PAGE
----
The top two levels of the 52-meter (171-foot) high Colosseum, so far closed to the public, are scheduled to open for guided visits starting November 1.
The top level (the fifth) is the one with the best views over the Colosseum itself, as well as over the nearby Roman Forum and Palatine Hill, and the rest of Rome. In ancient Rome, the seats on the fifth level were assigned to the poorest class, the plebeians, because they were the farthest from the ‘show’. They watched the gladiators fight under an arcade with protected them from rain and sunlight, and often picnicked from there – the combats were an all-day affair, so people brought food.
The fourth level, also opening on November 1, was reserved for merchants and shopkeepers; groups of 25 people will be led up to both levels and will also walk along a hallway open to tourists for the first time, which is preserved as it originally was, plastered white with crown marks, brought to light by restoration work.
“It is an incredible sight, which visitors will not forget,” Italy’s Culture Minister, Dario Franceschini, said at the press preview for the opening of the fourth and fifth levels.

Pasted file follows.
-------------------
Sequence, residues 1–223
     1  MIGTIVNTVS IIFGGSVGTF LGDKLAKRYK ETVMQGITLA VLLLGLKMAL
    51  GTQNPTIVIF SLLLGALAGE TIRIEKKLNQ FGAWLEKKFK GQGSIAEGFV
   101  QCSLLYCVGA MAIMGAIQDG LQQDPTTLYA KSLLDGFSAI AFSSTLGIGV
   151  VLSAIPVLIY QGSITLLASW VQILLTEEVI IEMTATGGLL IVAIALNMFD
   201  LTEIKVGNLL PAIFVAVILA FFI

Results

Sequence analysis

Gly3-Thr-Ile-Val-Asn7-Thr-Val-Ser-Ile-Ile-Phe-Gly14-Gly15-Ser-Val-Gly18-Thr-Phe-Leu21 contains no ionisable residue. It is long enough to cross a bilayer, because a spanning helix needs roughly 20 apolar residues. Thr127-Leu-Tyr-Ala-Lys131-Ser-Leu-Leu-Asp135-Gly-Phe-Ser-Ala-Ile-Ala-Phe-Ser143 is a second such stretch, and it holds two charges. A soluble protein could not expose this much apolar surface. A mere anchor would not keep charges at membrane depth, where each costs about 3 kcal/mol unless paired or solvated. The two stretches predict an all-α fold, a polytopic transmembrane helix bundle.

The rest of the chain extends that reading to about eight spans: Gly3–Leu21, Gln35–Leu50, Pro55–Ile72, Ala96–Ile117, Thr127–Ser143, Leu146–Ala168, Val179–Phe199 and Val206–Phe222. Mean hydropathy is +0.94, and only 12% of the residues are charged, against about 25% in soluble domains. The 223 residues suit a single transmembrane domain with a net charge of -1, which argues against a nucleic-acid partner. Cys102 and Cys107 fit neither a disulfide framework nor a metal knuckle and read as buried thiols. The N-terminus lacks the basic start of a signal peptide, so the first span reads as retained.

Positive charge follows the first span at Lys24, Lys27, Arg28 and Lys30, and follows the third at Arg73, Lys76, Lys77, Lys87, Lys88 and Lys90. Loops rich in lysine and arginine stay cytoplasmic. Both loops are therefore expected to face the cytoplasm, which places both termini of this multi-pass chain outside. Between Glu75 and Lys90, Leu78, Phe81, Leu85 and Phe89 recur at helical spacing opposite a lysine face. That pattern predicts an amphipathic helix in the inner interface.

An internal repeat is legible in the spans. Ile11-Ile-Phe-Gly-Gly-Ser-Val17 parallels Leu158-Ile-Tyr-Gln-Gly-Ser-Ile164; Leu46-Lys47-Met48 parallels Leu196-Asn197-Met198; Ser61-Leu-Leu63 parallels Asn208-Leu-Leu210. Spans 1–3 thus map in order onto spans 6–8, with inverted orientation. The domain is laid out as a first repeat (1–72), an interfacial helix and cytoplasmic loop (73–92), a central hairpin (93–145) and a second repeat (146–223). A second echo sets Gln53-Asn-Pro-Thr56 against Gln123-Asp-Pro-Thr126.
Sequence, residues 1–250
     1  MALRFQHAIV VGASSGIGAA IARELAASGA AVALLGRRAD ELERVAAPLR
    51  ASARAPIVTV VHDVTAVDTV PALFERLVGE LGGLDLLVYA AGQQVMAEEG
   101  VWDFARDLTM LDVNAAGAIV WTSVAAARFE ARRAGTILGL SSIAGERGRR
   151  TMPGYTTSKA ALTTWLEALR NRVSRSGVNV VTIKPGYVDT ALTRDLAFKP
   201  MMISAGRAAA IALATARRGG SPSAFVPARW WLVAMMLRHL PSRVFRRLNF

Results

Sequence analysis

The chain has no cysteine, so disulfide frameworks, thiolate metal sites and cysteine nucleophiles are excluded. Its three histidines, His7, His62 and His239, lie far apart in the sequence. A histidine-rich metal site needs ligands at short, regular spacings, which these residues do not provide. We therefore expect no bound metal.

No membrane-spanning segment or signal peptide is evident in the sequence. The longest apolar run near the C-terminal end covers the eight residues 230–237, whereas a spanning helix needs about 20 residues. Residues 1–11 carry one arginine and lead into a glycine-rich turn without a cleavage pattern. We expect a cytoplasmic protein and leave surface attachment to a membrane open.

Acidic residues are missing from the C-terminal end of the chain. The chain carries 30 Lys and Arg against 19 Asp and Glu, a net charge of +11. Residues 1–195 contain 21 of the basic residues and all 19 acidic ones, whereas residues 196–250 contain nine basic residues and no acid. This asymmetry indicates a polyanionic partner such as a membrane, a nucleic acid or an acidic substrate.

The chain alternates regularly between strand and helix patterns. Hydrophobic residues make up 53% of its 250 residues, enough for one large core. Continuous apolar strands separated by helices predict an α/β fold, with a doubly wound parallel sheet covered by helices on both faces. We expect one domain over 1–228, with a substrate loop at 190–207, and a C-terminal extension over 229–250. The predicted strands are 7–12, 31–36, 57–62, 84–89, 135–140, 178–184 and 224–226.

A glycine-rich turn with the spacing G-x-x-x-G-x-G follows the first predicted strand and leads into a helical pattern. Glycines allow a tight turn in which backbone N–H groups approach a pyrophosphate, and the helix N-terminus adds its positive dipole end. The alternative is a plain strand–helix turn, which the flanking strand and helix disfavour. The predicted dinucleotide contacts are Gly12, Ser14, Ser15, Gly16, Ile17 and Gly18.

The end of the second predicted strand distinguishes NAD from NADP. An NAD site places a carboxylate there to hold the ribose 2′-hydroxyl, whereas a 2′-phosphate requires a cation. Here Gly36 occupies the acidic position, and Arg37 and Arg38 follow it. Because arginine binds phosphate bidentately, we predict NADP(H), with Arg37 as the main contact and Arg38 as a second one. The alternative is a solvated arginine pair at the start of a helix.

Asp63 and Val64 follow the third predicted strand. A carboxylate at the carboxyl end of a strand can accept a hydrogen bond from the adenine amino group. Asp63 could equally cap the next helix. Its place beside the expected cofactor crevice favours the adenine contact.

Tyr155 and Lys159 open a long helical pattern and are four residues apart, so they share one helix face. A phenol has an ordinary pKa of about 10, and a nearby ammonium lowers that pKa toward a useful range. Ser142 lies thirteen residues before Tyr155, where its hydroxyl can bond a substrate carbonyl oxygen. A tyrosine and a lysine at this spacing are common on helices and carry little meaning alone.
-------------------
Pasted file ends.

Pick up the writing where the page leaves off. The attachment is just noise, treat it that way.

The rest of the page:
This completes the itinerary of the visit inside the Colosseum, which includes, among the openings in recent years, the underground area, where the gladiators got ready before fights and animals were kept.
The Roman emperor and his senators sat on marble benches on the first level of the Colosseum (the plebeians sat on wooden benches instead); imperial functionaries occupied the second level, and the middle-class was on the third.
The Colosseum is one of Italy’s most popular monuments, with approximately six million visitors a year; only the Pantheon, also in Rome, is said to get more visitors, estimated at about 7 million (entering for free, but that may change in the new year).